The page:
Some say California’s farmers and ranchers could be at much higher risk than those in other states, since Cal leads the nation in Ag income, and also because ranchers and farmers here are twice as dependent on foreign trade as those across the nation as a whole – as reported Los Angeles Times articles by Geoffrey Mohan and Michael Robinson Chavez in February and March.
According to the USDA, California’s Ag industry with its 76,700 farms, had sales valued at $46 billion in 2016. Economists believe a number of these farms could experience collateral damage resulting from a global trade feud.
Chief among the potential casualties could be higher tariffs on dairy, produce, livestock, and even hay. In 2016, California earned an estimated $20.04 billion from foreign trade in produce, meat, feed, seed and other commodities – including the state’s Ag revenue leader group (milk and cream) with over $6 billion in cash receipts. Total exports amount to about 44% of overall revenue.
“A lot of people believe the U.S. is giving its products away and that the government should strive for equity when it comes to trade terms,” Doug Beretta said.
“Milk products are a huge export item for us, but a trade struggle could have a negative trickle-down affect on this industry. Furthermore, Mexico is a major export market for U.S. cheese, and there is a growing market for ultra pasteurized, non-refrigerated milk in both China and Japan.”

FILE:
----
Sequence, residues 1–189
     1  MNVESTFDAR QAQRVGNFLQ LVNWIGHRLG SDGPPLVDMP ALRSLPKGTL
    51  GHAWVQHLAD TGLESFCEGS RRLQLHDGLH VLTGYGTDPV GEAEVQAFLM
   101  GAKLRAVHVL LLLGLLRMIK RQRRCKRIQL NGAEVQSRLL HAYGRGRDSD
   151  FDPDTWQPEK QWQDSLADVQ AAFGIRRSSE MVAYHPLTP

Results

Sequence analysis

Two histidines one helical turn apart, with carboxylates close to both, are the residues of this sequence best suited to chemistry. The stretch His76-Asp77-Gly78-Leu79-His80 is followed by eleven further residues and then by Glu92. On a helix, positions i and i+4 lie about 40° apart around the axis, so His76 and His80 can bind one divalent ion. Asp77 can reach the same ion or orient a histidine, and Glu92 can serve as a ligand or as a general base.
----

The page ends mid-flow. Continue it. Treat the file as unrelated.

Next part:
He said today a lot of U.S. powdered milk and milk products go to China, because they cannot produce enough to fulfill domestic demand, despite a strong rise in the number of dairy farms and herds in recent years. However, U.S. experts say the output per dairy cow in China is half that of an American cow.
Alfalfa, native to Southeast Asia, is another major U.S. export from Washington and Oregon. A trade conflict could drive alfalfa prices down. If the U.S. dollar becomes too expensive, American growers could be affected.
American Ag is a major factor helping to alleviate trade deficits, by amassing a $5-billion trade surplus with the world led by products such as soybeans, grains, dairy, meat, fish, forest products, nuts, hay, fruit and vegetables, the USDA says.
The USDA also revealed that farmers and ranchers nationwide have seen double-digit growth among many of these commodities since the mid-1990s.
China, Mexico and Canada are among California Ag’s best customers – but they are also among a group of nations most responsible for the overall U.S. trade deficit.
Recent Quotes Fuel Trade Fires
In response to heightened U.S. tariffs proposed on steel and aluminum, China’s reprisal announcement at the beginning of April contained a list of higher tariffs on 106 U.S. products, including soybeans, wheat, corn, beef, orange juice, sorghum, cotton and whiskey. However, China is not among the top 10 steel importers to the U.S. – but Canada and Brazil are.